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Philip Melanchthon (1497-1560): The Creator of Lutheranism Part Two: Melanchthon the Preceptor of Germany

Philip Melanchthon (1497-1560): The Creator of Lutheranism Part One: Melanchthon’s Climb to Fame Part Two: Melanchthon the Preceptor of Germany Part Three: Melanchthon’s Failure as a Reformer ~~~~~~~~~~~~~~~~~~~~~~~~ Part Two: Melanchthon the Preceptor of Germany Rifts that did not break friendship      Now Rome sent one agent after another, including Frederick Nausea, Cardinal Campeggio’s personal secretary to win Melanchthon for themselves. He told all these emissaries of Rome that if they had the Church’s welfare at heart, they would join him in purifying it from faulty doctrines and traditions. He told Nausea that he erred if he thought Luther wanted to abolish church practices. The fight is not about external things… Full Article

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Henry Bullinger (1504-1575): Vater und Hirte der Reformation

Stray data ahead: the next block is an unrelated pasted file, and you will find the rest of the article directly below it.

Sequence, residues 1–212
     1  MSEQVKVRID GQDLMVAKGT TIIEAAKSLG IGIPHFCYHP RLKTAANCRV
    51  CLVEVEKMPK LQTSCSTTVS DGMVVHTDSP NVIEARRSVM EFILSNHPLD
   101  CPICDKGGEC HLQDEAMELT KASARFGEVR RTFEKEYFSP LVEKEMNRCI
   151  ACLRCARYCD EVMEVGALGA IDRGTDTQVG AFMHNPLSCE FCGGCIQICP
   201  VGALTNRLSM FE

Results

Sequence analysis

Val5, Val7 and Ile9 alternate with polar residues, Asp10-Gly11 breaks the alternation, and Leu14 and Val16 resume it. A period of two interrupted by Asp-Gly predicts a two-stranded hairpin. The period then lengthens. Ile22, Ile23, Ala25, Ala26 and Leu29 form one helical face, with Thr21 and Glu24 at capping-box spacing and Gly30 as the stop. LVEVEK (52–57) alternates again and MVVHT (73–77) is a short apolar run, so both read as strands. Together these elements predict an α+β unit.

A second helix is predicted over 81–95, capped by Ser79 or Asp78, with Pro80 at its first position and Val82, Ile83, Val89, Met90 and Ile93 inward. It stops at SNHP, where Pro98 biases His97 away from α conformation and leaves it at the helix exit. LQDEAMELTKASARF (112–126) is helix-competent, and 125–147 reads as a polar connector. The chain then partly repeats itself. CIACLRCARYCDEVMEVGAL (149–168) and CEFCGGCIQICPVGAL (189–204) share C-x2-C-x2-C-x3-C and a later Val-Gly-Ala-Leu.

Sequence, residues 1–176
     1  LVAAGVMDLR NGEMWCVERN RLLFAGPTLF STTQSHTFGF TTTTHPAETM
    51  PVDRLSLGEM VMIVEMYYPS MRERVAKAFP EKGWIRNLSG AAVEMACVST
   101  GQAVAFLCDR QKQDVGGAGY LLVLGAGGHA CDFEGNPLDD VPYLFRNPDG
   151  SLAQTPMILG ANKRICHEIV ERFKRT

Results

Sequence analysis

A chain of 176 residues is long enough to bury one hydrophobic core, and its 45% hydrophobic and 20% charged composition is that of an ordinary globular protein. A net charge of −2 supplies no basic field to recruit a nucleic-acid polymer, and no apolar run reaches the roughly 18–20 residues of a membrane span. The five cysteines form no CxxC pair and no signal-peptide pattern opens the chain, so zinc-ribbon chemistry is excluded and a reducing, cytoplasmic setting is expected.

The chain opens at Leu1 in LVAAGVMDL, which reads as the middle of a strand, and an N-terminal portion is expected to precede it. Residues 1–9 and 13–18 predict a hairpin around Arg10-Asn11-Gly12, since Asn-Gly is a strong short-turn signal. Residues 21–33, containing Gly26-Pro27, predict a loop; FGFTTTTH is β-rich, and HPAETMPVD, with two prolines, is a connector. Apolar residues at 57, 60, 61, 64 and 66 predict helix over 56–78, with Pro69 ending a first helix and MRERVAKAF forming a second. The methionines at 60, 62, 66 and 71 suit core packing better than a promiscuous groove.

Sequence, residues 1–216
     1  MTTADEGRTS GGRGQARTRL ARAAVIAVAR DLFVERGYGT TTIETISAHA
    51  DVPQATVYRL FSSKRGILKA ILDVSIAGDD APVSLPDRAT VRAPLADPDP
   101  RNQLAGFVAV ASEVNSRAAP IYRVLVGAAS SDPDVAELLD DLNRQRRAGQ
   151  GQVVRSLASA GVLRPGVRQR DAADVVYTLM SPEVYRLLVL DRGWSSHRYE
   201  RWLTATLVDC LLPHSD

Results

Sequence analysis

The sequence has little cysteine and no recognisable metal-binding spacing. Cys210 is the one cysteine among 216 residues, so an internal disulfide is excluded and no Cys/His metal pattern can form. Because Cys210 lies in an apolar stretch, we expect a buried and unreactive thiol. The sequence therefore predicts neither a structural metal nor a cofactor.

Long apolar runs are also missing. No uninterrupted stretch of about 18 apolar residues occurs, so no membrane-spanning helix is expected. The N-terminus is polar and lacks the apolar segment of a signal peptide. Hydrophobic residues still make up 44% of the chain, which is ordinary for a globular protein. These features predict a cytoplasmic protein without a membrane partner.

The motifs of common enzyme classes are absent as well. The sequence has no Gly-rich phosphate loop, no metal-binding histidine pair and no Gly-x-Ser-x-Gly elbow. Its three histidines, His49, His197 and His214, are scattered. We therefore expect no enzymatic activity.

Teil I. Von Bremgarten nach Zürich (1504-1531) 1. Henry Bullingers Bedeutung für die Reformation      Seit den fünfziger Jahren des letzten Jahrhunderts haben sich Reformierten Christen erneut für das Zeitalter der Puritaner interessiert. Die Holländer nennen dies Die Nadere Reformatie oder andauernde Reformation. Diese an sich notwendige Entwicklung kam aber zu einer Zeit, als die Reformation selbst nahezu vergessen war. Wir haben also das Blattwerk des Baumes der Reformation untersucht, ohne zu merken, auf welchem Baumstamm und welchen Wurzeln es wuchs.      Seit dem Neunzehnten Jahrhundert ist relativ wenig Forschung in den Quellen der Reformation unternommen worden. Wir wissen immer noch wenig über unsere… Full Article

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Clifford on Hooker

Letter to the English Churchman on Hooker Sir:      Allan Clifford’s ‘objections’ to Dr Beckwith’s evaluation of Hooker are invalid. Beckwith defended Hooker against the London Temple attacks of Travers and Cartwright. Dr. Clifford ignores the entire debate, exchanging Beckwith’s real-life Hooker/Travers/Cartwright history for a Church of England/Calvin fairy-story.      Cartwright zigzagged on the Church of England-Separatist border but maintained his Church of England status and ordination. Unlike Hooker, he viewed church reform as material for the courts and Parliament rather than church-centred discussion and Convocation. Cartwright imagined that bishops should merely preach, pray and ordain those chosen… Full Article